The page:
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I read this eagerly, hoping to learn something. And I believe I learned a little. But -- if I were writing an article on the Second Law of Thermodynamics, I would at least state somewhere exactly what that Law is. Yes, I gather that it has to do with heated air moving toward cold. But nowhere do you state the essence of it in black and white. Instead of a straightforward list of the Three Laws, you give us this in-joke about "You can't win" etc. What good is an in-joke if we don't possess the knowledge that lies behind the in-joke? You do give us the First Law, but not the Third, and you move off into exposition of the logic behind the Second Law without giving us a solid basis for understanding it. Your whole point of view seems to be that, Hey, everybody here knows what the Second Law is, so I'll just riff on it for a while. No. I do not know what it is. I would like to learn. Would you teach me, please? (Or am I supposed to go to Wikipedia before reading?)

I value Allison Bailie's comments very much, by the way, both at GBA and Energy Vanguard. I'm just frustrated in this case. If I were an editor, I'd send it back to rewrite.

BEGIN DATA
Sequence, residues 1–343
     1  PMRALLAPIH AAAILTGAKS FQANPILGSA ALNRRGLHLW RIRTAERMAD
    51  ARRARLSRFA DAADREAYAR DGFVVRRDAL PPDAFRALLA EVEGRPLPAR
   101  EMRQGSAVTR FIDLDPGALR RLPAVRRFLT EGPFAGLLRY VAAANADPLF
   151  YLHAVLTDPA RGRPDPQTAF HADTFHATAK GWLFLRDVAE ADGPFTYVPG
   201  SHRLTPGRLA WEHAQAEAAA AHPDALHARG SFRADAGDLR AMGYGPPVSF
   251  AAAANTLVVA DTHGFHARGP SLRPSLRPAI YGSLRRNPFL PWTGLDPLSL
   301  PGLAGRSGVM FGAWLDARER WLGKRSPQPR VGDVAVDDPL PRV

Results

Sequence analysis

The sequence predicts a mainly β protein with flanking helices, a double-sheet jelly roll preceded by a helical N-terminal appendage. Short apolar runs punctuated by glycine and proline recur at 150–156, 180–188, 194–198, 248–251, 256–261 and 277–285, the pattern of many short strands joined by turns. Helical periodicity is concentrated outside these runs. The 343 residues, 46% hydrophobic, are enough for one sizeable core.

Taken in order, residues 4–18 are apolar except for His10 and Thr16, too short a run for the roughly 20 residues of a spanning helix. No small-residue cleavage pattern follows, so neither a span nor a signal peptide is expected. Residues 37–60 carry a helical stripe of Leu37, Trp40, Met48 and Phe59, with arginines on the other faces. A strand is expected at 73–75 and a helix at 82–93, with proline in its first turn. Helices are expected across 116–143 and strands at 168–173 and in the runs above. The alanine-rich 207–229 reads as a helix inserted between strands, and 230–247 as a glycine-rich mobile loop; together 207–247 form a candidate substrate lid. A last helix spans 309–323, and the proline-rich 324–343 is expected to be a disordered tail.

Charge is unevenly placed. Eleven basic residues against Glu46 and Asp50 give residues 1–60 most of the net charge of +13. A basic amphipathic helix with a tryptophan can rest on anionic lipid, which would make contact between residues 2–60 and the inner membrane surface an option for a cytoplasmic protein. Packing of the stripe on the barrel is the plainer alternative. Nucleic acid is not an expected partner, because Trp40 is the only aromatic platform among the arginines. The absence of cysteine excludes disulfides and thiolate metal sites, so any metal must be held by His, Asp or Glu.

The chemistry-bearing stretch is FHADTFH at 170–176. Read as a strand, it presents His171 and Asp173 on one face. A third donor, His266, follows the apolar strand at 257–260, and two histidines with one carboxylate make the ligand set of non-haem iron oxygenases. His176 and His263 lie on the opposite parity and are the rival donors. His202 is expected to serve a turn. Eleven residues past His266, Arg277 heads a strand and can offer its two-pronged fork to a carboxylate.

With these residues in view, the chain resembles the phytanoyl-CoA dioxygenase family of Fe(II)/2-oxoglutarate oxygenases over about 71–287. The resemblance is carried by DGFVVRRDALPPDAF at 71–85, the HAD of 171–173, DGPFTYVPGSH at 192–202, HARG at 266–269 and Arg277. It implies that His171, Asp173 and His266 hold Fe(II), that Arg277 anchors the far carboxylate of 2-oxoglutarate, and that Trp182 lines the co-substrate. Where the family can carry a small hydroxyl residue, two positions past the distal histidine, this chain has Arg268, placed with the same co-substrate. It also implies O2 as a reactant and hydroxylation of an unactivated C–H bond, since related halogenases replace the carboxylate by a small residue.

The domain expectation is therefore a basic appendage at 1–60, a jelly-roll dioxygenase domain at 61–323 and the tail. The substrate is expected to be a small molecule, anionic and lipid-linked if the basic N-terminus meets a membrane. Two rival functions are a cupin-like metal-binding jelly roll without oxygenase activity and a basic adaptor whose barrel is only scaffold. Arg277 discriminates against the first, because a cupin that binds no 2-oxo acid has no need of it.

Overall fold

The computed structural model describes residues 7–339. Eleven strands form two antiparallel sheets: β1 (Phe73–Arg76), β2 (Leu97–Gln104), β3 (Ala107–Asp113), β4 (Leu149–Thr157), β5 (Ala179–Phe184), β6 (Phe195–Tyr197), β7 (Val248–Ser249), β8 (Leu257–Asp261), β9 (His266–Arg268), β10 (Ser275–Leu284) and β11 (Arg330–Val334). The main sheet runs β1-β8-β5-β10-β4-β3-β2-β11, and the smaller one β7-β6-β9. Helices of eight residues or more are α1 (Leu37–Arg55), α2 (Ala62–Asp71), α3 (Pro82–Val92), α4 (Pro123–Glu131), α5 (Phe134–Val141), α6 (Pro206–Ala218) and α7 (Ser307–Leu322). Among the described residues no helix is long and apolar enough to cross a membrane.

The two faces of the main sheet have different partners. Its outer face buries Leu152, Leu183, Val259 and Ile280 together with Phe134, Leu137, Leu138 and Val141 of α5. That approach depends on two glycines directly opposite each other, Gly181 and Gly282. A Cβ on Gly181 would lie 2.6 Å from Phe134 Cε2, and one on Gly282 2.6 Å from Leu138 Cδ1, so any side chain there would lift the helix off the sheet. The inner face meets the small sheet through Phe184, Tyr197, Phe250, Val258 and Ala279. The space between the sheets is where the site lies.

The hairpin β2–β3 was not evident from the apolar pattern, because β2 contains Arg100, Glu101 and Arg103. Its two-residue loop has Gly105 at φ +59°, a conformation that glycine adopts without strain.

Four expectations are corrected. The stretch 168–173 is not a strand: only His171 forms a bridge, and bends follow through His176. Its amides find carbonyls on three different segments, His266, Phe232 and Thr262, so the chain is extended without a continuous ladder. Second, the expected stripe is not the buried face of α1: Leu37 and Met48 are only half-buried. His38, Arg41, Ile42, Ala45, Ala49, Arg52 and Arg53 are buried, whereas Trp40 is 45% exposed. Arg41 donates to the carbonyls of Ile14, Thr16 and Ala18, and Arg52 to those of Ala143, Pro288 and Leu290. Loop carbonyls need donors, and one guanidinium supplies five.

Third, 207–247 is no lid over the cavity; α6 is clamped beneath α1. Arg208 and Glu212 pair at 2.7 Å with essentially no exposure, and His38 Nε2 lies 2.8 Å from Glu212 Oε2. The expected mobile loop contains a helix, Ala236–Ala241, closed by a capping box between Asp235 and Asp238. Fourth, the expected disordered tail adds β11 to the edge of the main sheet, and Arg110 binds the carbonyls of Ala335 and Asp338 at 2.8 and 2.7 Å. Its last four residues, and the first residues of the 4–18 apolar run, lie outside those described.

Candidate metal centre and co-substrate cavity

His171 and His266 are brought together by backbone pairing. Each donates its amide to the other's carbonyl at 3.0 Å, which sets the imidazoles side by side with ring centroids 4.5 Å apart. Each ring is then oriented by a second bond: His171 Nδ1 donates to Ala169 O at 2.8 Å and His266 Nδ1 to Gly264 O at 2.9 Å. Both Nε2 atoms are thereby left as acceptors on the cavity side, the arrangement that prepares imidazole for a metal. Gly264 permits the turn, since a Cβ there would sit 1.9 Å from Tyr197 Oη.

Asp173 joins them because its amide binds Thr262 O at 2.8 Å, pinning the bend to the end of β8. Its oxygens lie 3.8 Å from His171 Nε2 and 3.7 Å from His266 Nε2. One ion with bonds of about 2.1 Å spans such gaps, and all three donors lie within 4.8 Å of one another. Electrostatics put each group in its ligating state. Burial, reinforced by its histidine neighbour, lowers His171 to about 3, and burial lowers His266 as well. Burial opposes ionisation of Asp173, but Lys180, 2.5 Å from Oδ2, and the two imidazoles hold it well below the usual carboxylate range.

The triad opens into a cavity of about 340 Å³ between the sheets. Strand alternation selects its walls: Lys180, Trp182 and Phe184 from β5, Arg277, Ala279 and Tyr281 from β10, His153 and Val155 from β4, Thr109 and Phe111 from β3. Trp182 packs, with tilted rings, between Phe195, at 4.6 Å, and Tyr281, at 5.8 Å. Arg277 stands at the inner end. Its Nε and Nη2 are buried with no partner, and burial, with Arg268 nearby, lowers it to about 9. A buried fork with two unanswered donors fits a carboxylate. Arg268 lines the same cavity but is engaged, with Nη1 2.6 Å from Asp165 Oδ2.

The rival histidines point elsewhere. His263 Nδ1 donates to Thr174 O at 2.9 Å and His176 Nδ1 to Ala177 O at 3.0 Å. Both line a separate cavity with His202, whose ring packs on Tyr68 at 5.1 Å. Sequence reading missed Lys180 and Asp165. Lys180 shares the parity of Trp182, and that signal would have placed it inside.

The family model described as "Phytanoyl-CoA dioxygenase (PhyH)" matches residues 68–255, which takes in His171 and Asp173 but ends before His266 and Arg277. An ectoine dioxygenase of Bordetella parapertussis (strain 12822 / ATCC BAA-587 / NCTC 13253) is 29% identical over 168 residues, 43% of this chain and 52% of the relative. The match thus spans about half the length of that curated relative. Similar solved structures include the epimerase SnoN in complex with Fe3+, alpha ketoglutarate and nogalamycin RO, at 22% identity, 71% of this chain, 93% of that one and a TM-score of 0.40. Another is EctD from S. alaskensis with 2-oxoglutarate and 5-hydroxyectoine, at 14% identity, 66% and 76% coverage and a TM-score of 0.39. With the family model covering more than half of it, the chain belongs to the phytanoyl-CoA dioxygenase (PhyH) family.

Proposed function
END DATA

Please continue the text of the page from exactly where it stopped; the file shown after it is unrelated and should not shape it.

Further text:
7.
Thu, 08/09/2012 - 08:02

Good ...it's not only me
by John Brooks

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Allison, concerning Image 1
Can you explain how Smoke rising and Dispersing demonstrates the 2nd Law of Thermodynamics?

As you may know "Smoke" (like hot air) does not ALWAYS rise.

coldflow.jpg


8.
Thu, 08/09/2012 - 09:04

Edited Thu, 08/09/2012 - 09:06.

Take a ride over to wikipedia
by aj builder, Upstate NY Zone 6a

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Take a ride over to wikipedia boys.... There's so much over there on thermodynamics that both of your entropys will most certainly change but I'm not sure which way as you both are life forms and autopoetically in certain spaces and time reverse it.

Here's the question. Does entropy and the coursing toward disorder drive the engine of exponential fractal roughness, to life form, to order, to a repeated rebirth of the entire universe, instead of heat death?

The battle is.


9.
Thu, 08/09/2012 - 09:20

Edited Thu, 08/09/2012 - 14:38.

Because Allison is busy...
by Martin Holladay, GBA Advisor

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Gordon Taylor,
I'll make a stab at stating the three laws of thermodynamics. Eventually I'm sure that Allison Bailes will respond to your comment.

1. The First Law is usually referred to as the Law of Conservation of Energy. It can be stated many ways. For example: